9. Protect workers: Farmworkers are some of the country’s most vital workers, since their labor enables us to enjoy high quality, low cost, fresh fruits and vegetables. However, despite their contributions, farmworkers are some of the lowest paid, least protected, and unhealthiest workers in the United States. That can change as farm and food workers across the world fight for better pay and working conditions.

  10. Acknowledge the importance of farmers: Farmers aren’t just farmers, they’re business-women and men, stewards of the land, and educators, sharing knowledge in their communities. Slow Food International works with farmers all over the world, helping recognize their importance to preserve biodiversity and culture.

  11. Recognize the role of governments: Nations must implement policies that give everyone access to safe, affordable, healthy food. Consider Ghana and Brazil: government actions, such as national school feeding programs and increased support for sustainable agricultural production, have greatly reduced the number of people that are hungry.

  12. Change the metrics: Rather than improving nutrition and protecting the environment, governments, non-govermental organizations and funders have focused on increasing production and improving yields. It’s time to change the metrics and focus more on quality to improve public health, environmental health, and livelihoods.

  13. Fix the broken food system: Agriculture can be the solution to some of the world’s most pressing challenges, including unemployment, obesity, and climate change. These innovations simply need more research, more investment, and ultimately more funding.

For more information on Food Tank, check out the video below. You can connect with Food Tank on Facebook and Twitter.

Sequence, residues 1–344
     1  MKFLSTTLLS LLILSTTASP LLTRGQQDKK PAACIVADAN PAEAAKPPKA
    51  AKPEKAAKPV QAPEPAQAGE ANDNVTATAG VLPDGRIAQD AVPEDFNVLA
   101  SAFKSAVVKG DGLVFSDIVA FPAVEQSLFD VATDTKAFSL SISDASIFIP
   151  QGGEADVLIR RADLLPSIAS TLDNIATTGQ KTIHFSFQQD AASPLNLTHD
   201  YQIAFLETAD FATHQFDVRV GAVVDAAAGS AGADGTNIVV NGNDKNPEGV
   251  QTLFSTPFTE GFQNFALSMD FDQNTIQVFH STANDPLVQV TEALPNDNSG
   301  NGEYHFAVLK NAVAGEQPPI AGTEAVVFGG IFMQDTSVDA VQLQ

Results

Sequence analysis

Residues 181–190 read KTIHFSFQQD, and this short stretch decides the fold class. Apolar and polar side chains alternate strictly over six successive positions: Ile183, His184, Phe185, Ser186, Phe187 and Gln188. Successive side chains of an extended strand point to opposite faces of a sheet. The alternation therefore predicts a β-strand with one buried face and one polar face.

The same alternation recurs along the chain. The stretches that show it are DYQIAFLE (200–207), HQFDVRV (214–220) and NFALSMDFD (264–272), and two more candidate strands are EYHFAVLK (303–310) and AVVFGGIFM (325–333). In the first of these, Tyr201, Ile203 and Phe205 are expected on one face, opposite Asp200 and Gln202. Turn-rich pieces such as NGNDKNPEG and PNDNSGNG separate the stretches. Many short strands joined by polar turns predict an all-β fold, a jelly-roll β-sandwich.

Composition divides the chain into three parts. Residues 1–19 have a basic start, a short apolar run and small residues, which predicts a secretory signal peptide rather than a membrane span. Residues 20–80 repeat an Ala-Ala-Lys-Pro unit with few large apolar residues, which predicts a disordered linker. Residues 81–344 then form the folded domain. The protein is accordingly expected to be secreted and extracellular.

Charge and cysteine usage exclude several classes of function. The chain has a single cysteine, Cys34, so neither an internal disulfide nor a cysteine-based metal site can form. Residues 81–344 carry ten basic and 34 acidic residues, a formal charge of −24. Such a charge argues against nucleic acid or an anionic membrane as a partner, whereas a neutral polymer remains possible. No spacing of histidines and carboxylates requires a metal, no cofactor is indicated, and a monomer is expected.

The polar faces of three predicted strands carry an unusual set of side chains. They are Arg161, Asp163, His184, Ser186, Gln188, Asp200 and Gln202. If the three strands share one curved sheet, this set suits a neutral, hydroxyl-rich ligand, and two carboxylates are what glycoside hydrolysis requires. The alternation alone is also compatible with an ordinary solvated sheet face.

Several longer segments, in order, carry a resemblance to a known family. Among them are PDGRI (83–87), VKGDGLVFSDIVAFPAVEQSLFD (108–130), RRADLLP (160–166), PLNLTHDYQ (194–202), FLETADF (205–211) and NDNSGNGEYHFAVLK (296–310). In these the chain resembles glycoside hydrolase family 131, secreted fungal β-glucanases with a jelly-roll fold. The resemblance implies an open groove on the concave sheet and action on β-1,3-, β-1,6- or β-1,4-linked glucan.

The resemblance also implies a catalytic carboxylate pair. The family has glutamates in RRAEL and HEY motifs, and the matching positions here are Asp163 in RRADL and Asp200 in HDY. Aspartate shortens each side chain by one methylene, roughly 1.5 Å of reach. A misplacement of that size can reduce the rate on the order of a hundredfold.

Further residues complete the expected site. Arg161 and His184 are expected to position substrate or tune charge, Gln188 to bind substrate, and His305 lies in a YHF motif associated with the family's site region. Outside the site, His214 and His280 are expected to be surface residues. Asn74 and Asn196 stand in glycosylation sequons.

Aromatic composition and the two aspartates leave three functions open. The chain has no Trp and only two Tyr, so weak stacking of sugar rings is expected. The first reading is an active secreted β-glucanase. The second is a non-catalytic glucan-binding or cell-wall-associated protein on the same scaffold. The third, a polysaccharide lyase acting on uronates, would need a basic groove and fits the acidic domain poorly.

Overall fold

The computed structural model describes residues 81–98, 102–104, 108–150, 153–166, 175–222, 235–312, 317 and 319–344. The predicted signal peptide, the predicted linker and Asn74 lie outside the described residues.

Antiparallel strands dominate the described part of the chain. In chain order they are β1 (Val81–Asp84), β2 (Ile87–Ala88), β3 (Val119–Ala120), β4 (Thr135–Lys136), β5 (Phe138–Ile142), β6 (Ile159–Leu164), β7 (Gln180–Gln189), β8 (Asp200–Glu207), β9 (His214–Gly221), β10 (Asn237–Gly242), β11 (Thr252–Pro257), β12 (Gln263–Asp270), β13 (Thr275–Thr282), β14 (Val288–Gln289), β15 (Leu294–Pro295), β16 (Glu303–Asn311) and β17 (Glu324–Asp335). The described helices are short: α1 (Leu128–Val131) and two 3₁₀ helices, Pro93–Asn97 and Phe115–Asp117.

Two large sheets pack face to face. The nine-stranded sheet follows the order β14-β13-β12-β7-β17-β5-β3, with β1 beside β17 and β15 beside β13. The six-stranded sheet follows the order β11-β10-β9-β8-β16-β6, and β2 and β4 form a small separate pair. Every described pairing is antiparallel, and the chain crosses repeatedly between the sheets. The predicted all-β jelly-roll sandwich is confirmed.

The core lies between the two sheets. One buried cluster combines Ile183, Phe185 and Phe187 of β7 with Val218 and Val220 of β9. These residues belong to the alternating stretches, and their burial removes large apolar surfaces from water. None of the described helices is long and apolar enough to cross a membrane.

1. State & County QuickFacts. United States Census Bureau. Accessed Jan 2.
  2. Norcross, JC. The Resolution Solution: Creating and Keeping New Year’s Resolutions. 2012 Dec 10.
  3. Norcross, JC. 2012. Changeology: 5 Steps to Realizing Your Goals and Resolutions. Simon & Schuster.
  4. Pollan, M. 2009. Food Rules: An Eaters Manual. Penguin Books.
  5. Eisenberg et al. Correlations between family meals and psychosocial well-being among adolescents. Arch Pediatr Adolesc Med. 2004 Aug;158(8):792-6.
    View abstract
  6. The Importance of Family Dinners VII. The National Center on Addiction and Substance Abuse at Columbia University. 2011 Sep.
About the Author

Walter Jessen, Ph.D. is a Data Scientist, Digital Biologist, and Knowledge Engineer. His primary focus is to build and support expert systems, including AI (artificial intelligence) and user-generated platforms, and to identify and develop methods to capture, organize, integrate, and make accessible company knowledge. His research interests include disease biology modeling and biomarker identification. He is also a Principal at Highlight Health Media, which publishes Highlight HEALTH, and lead writer at Highlight HEALTH.